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Extended Posterior Petrosectomy

Last Updated: March 27, 2020

Extended Posterior Petrosectomy or Petrosal Approach

Posterior Petrosectomy for a Complex Petroclival Meningioma: Nuances of Osteotomy

Complex Petroclival Meningioma: Posterior and Anterior Petrosectomies

General Considerations

There are several variations of the posterior transpetrosal approach (posterior petrosectomy or presigmoid approach) that differ in the magnitude of petrous pyramid osteotomy.

The progressive degrees of bone removal of the otic capsule provide some advantages, mostly for gaining further access to the anterolateral brainstem and medial clivus. When combined with a subtemporal approach, the posterior petrosectomy expands the exposure as high as CN IV and as low as the jugular tubercle.

In this chapter, I will describe the techniques for extended posterior petrosectomy. Please refer to the chapter on conservative posterior petrosectomy for general considerations and the initial stages of exposure.

Indications for Extended Posterior Petrosectomy

In some cases involving small and soft tumors, conservative petrosectomy followed by aggressive intracapsular tumor decompression provides adequate working angles to reach the anterior brainstem without significant brain retraction. These working angles obviate the need for a more extensive osteotomy as described in the following section.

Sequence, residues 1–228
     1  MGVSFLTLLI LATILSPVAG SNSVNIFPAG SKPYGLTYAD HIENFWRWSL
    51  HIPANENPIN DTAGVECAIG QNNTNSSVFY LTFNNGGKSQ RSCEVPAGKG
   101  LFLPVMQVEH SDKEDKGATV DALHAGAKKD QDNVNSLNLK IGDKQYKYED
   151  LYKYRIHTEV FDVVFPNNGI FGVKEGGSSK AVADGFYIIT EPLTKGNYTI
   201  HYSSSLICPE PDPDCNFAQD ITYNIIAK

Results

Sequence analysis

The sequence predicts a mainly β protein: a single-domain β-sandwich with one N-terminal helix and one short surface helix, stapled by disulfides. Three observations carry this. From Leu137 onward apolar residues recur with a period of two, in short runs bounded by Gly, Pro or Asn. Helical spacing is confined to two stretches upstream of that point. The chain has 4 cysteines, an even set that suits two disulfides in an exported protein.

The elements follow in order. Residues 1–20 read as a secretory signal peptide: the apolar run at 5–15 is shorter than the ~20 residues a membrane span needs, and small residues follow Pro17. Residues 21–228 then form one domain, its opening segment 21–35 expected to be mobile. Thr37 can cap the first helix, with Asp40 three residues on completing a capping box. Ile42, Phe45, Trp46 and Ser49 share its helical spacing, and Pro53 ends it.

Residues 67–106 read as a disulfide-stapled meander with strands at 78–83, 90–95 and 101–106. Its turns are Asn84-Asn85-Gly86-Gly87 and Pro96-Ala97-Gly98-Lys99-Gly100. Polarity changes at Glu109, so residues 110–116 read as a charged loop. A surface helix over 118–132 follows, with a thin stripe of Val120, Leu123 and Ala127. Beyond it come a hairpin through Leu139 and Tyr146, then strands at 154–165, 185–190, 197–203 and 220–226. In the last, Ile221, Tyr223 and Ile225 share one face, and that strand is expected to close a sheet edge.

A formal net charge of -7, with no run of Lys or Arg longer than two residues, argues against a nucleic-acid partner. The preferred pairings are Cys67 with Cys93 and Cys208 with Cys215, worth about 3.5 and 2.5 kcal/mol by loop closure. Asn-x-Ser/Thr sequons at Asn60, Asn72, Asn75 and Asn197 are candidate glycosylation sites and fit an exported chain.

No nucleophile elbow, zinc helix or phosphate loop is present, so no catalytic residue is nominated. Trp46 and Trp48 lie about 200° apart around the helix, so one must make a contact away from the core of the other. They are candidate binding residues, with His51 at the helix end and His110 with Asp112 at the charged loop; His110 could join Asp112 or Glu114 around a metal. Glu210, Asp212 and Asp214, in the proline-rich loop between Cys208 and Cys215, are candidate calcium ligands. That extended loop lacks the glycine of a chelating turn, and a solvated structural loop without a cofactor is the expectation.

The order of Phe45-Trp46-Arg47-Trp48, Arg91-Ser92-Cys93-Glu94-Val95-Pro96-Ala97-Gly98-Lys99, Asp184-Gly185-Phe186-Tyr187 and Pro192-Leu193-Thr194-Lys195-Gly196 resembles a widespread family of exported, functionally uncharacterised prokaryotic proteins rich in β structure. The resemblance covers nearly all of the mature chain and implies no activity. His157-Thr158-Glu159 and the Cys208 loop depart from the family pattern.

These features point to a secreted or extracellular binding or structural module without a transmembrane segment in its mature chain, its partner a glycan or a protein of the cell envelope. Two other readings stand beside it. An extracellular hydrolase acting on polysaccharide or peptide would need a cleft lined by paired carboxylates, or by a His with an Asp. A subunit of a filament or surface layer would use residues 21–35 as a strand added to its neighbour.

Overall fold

I believe the extended retrosigmoid route provides a reasonable operative corridor for accessing some petroclival tumors, including epidermoid and soft or small to moderate size meningiomas without supratentorial extension. However, multicompartmental fibrous, vascular, and/or partially calcified petroclival meningiomas with both supratentorial and infratentorial extensions require extended operative angles and space for dissection of neurovascular structures. In these circumstances, the extended petrosal approach is preferred.

Operative Anatomy

A detailed understanding of the mastoid bone and otic capsule is important for petrous bone drilling.

Figure 1: The anatomy of the left mastoid bone is detailed. The exposure of the antrum highlights the location of the lateral canal. The spine of Henle at the posterosuperior margin of the external meatus is a superficial landmark that approximates the deeper lateral semicircular canal and tympanic segment of the facial nerve (upper image). Additional bone drilling and mastoidectomy exposes the capsule of the posterior and lateral canals and the tympanic and mastoid facial segments. This is the extent of bony removal required for an extended posterior petrosectomy (lower image). Skeletonization of the facial nerve is not necessary (images courtesy of AL Rhoton, Jr).